Grief is a universal, instinctual and an adaptive reaction to loss, in particular the grief from the loss of a loved one.  Feelings of loss are very personal and only you know what is significant. Less obvious losses can also cause strong feelings of grief such as loss of possessions, job, relationship, health, or physical ability.

Loss is an inevitable part of life and grief is a natural part of the healing process that varies for different people.  The grieving process allows those left behind after a death to accept the person is no longer around.

When experiencing and reacting to grief, it is common to:

  • feel like you are “going crazy”
  • have difficulty concentrating
  • feel sad or depressed, anxious, nervous or fearful
  • be irritable or angry ( at the deceased, oneself, others)
  • feel frustrated or misunderstood
  • feel like you want to escape
  • experience guilt or remorse
  • be ambivalent, lack energy and motivation
  • feel numb.

Each one of us has an individual style of coping with painful experiences (there is no right or wrong way).  Some people don’t show their grief in public but only express it in private.  We don’t always know how people are coping simply by what we see.

The following tips may help generate ideas about how to manage feelings of grief:

  • talk to family, friends or a mate
  • engage in social activities
  • exercise, eat healthy foods
  • take time to relax, listen to music
  • seek counselling or join a support group
  • be patient and let yourself feel grief.

The length of the grief process is different for everyone.  It takes time to heal and this may not be just days it can be weeks, months and even years.  

Grief comes in waves.  When the ship is first wrecked, you’re drowning, surrounded by wreckage reminding you of the ship that was and is no more, and all you can do is float.  As you float you hang onto a piece of wreckage for a while in the form of a physical thing (a memory or photograph), it may even be another person floating with you, and for a while that’s all you can do is float.  In the beginning you had 100 metre waves crashing over you 10 seconds apart barely allowing you to breath.  After a while (maybe weeks or months) the 100 metre waves still come crashing over you but they are now further apart allowing you to breathe and function without as much difficulty.  There will be triggers of grief that will arise (a song, a place, a photo) and a wave will come crashing but in between there is life.  Somewhere down the line (it is different for everybody) you will find the waves are only 80 or 50 metres, they still come but are further apart.  You will be able to see them coming (special anniversary days) but now you can prepare yourself for the waves, knowing you will come out the other side, soaking wet, spluttering and still hanging onto a piece of wreckage but you will come out. Intermittent waves never stop coming and you don’t really want them to but you will survive them.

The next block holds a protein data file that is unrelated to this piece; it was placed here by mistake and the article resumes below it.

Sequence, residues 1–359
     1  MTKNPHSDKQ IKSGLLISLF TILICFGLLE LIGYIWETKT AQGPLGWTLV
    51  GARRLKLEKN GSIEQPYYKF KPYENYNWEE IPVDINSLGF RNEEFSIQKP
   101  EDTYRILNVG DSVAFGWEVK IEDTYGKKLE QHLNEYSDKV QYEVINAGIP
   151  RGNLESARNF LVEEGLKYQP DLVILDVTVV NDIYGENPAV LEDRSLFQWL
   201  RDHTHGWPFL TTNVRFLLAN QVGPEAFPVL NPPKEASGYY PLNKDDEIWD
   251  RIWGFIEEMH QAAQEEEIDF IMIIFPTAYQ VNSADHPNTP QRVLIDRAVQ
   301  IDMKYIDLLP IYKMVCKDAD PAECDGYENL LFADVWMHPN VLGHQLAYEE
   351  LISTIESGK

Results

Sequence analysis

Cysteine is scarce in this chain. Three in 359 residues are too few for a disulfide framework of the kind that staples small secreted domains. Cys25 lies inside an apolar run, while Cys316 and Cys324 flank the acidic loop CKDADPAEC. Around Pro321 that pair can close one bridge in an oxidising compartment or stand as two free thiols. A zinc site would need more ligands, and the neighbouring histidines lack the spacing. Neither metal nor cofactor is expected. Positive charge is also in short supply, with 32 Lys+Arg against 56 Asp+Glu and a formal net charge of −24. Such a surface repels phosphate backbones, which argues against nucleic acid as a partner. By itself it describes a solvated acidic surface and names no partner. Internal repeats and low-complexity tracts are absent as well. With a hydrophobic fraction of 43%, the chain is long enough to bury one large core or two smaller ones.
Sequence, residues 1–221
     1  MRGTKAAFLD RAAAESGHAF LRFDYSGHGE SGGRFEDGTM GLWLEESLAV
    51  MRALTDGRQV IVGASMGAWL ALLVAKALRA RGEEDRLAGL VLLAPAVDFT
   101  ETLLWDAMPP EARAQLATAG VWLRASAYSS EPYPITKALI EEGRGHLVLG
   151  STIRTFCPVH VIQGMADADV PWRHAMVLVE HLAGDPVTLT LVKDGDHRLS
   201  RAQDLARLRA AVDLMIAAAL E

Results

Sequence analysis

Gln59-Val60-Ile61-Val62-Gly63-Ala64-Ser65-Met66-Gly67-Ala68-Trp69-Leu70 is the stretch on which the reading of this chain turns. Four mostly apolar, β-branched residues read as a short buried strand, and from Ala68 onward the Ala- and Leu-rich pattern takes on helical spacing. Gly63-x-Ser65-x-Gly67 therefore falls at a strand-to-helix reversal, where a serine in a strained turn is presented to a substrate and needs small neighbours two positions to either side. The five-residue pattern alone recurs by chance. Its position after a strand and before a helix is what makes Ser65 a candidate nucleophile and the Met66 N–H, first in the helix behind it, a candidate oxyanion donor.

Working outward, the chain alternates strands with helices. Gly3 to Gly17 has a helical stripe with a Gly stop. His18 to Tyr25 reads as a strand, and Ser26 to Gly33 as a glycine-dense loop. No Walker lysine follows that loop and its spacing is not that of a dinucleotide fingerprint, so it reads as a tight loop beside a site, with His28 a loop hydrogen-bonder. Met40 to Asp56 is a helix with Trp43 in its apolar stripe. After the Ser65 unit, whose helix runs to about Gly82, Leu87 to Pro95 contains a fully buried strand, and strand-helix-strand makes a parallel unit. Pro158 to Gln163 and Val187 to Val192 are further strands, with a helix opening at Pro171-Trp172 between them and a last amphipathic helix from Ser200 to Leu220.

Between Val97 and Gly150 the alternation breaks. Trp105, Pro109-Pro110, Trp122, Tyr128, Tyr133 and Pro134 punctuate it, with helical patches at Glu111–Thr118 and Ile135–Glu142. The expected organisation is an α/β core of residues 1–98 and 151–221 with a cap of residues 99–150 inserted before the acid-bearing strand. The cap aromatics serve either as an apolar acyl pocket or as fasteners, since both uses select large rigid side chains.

If you feel you are not coping seek professional help from your GP or a counsellor.


Tim and the Team

The Regional Men’s Health Initiative
delivered by Wheatbelt Men’s Health (Inc.)        
PO Box 768, Northam WA 6401            
Phone: 08 9690 2277                
Email: This email address is being protected from spambots. You need JavaScript enabled to view it. 


A lot of blokes would appreciate the hard work and effort that goes into purchasing or maintaining something we love.

Whether it’s a new car or that ongoing restoration job, a valued piece of machinery, or our weekend toys (boat/motorbike etc). If we don’t service and look after our machines regularly it will eventually effect their performance and easy fix problems can be compounded that will end up costing us time and money.

So why this any different to our wellbeing and health? To put it simply if we continue to neglect our wellbeing and health in any area (Physical/Mental/Social Spiritual) it will eventually catch up with us and could cost us more than just time and money. Do we think about the flow on effects to all facets of our lives? Whether it be on our relationships, family, work or business, loss of function or participation in the thinks we enjoy.

It is important to recognise that the ageing process throws up all sorts of changes and complications, and sometimes certain illness and diseases can’t be avoided. But, something as simple as a “Routine Service Visit” or discussion with your GP or treating health professional can aid in the early detection and prevention of certain health and wellbeing issues.